Such Great Heights
In many ways, Grow Up is the quintessential Ubisoft game. It’s rife with the systems that have come to define the French publisher — specifically an open world and a ton of collectibles. Actually, that’s basically the entire makeup of Grow Up. Go everywhere and collect everything.
Somehow, it’s far more bearable when the pretense is stripped away.
Grow Up (PC, PS4, Xbox One [reviewed])
Developer: Ubisoft Reflections
Released: August 16, 2016
That is to say, Grow Up doesn’t really posture all the collecting as if it’s in service of a greater good. It’s just a little robot exploring this incredibly vertical space. There are things to grab — some of them to advance the narrative and others make further exploration far easier — and that’s the game. There’s no veneer as if Grow Up tries to pretend it’s something grander.
What little story there is can be described as “BUD and mostly-unseen sidekick POD (two acronyms denoting that they’re definitely robots) set off to save the recently-crashed MOM (another acronym denoting that she’s definitely a robot). Gathering nine ship parts is technically the core of the agenda, but there’s never any real urgency to consider. MOM will be fine whether it’s done immediately or just whenever you get around to it.
All this collecting proves itself immensely useful because it’s vital to the upgrade loop. At the beginning, BUD is a clumsy, barely-capable mess. Getting around is a chore, as he ragdolls and slips over the edges of platforms. Ascent is mostly limited to hand-over-hand climbing, a plodding and tedious method of traversal. This is the introduction to Grow Up, and it’s not a good first impression.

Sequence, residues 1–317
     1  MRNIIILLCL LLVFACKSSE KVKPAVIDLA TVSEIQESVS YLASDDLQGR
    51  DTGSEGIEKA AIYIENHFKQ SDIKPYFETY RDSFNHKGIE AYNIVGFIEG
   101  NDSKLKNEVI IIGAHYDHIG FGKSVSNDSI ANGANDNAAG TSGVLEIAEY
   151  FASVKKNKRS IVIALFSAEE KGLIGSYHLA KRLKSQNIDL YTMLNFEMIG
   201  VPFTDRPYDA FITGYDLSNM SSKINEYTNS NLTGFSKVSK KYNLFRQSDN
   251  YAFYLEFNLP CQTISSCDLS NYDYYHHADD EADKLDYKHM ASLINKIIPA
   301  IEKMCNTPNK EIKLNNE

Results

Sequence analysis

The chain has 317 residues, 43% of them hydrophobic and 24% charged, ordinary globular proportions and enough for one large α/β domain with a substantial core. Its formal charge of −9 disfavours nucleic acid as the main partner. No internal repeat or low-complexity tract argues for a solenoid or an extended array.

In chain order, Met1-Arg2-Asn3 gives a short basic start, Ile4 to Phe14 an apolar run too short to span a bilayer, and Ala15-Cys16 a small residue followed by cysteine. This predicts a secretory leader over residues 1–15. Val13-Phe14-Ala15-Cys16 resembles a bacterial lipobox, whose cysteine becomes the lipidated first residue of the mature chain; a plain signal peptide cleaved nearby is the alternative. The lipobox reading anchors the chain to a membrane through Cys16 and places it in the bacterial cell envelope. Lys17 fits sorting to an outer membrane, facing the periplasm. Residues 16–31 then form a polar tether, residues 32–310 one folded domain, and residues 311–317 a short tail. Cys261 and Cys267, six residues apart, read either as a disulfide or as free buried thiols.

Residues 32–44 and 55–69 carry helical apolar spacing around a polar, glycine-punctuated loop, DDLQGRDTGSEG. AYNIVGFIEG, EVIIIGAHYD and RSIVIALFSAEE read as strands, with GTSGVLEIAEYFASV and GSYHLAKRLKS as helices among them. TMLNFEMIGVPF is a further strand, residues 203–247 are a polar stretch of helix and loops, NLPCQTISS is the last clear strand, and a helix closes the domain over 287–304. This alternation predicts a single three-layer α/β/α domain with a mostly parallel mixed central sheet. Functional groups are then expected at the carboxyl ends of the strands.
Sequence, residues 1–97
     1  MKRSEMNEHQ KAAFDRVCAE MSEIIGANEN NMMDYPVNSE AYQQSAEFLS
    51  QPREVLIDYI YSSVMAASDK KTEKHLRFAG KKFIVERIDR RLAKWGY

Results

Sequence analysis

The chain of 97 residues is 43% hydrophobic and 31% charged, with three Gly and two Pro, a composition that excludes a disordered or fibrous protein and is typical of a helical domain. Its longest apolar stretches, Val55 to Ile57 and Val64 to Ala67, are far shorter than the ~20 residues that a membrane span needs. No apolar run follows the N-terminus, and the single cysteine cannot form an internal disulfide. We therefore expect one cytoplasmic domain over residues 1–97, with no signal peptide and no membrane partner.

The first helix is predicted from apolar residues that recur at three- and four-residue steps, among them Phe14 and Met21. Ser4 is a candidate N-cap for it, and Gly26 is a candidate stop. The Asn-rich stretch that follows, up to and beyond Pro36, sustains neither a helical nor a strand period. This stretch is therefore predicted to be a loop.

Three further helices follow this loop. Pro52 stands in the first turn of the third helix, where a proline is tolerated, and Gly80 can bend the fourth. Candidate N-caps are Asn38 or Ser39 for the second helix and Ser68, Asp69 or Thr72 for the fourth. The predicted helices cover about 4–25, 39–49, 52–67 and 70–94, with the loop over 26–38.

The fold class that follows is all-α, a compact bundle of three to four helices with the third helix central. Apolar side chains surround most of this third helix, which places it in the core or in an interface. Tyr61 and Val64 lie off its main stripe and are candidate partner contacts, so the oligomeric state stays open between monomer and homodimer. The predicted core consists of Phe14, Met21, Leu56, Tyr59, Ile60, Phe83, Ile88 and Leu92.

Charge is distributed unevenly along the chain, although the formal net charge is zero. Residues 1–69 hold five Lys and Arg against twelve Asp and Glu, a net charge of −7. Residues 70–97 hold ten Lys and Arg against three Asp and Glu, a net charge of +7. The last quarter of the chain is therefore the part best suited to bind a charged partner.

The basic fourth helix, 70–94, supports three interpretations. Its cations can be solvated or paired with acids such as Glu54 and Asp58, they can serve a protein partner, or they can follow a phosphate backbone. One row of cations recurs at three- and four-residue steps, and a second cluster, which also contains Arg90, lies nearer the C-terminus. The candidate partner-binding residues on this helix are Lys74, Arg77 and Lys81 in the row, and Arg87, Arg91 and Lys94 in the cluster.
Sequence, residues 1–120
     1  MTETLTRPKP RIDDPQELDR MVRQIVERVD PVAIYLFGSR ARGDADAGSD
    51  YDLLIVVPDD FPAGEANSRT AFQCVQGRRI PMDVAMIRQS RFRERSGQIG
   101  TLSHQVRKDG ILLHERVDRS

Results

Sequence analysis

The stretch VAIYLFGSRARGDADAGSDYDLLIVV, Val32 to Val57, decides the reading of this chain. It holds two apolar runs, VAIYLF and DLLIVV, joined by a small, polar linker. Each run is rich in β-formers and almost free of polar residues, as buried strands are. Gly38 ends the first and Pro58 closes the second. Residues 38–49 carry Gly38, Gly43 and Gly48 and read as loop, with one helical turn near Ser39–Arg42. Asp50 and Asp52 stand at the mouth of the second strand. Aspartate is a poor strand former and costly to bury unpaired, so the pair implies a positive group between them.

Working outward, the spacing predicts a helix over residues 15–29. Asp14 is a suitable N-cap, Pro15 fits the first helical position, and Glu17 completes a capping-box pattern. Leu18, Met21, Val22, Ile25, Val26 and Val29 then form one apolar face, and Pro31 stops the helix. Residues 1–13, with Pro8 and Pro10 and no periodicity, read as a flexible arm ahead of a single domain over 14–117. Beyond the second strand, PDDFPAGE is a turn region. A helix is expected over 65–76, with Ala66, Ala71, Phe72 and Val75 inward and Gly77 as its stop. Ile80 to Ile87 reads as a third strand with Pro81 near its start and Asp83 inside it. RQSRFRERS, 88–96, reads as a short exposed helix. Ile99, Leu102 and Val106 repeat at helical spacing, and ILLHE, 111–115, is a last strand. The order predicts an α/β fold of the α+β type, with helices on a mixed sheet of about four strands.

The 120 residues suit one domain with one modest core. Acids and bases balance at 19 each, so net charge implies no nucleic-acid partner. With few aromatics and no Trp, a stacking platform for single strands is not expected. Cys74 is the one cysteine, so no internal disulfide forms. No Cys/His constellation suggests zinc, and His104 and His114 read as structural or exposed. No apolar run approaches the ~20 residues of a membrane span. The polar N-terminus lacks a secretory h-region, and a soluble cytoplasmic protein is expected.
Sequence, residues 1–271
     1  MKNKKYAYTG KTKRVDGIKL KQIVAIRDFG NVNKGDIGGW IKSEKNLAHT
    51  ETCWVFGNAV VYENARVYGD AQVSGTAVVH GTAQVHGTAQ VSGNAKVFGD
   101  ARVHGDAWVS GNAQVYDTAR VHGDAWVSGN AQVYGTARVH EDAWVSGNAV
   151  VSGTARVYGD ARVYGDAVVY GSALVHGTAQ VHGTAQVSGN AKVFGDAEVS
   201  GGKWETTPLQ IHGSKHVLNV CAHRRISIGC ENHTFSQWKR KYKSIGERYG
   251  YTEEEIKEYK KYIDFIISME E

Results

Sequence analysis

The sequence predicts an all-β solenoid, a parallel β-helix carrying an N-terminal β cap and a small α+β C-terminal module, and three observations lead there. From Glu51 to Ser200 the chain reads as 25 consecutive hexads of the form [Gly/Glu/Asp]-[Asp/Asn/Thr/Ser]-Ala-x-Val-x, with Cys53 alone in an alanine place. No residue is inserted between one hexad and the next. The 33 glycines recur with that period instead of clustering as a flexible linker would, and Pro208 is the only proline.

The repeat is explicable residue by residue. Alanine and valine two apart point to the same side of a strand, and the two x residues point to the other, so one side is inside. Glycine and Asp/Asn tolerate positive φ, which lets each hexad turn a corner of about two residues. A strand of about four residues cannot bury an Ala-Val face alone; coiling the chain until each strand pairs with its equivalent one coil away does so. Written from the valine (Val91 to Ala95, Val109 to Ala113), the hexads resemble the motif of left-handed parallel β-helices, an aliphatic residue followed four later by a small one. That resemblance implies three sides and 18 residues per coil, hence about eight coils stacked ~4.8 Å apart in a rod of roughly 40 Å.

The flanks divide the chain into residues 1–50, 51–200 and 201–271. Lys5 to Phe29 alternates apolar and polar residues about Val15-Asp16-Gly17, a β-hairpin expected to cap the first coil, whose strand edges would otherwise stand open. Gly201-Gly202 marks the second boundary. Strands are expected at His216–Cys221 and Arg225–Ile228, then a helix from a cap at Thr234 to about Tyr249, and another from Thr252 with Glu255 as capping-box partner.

It all gets substantially more tolerable as more things are found. New abilities ease the burden of going ever upward. Additional power supplies mean that those abilities become more productive. Teleporters instantly transport BUD across the world. All the collectibles have a tangible and lasting effect on Grow Up‘s progression. Now, that floating island doesn’t require an efficient and meticulous route to get to. The jet-powered glider can probably get there in a matter of seconds.
This is especially important because, apart from making the game easier, it lends a real sense of advancement to BUD’s journey. As he scours the world, he becomes a stronger character — mechanically, not emotionally (he is a robot, after all). Maybe this is where the game’s title “Grow Up” came from. Or, maybe it’s just the next logical phrase for a game that’s the successor to Grow Home and is all about going up.
Whichever it may be, Grow Up‘s once-expansive setting suddenly seems relatively small by comparison. It’s an interesting realization that the scale of this world isn’t what it once was. Conveniently, being able to get anywhere quickly helps mitigate the game’s shortcomings such as frustrating camera control, platforming that feels loose and unpredictable, and a map that’s rendered useless by the emphasis on verticality.
Those are the issues that are easy to pin down. But really, Grow Up suffers from all the downsides of not giving the player structure. It just feels like less of a problem here because the developer is wholly transparent about that fact. Grow Up is as Ubisoft as a Ubisoft game can get. It may be a lot of bloat, but at least the game’s comfortable enough to carry it proudly.
[This review is based on a retail build of the game provided by the publisher.]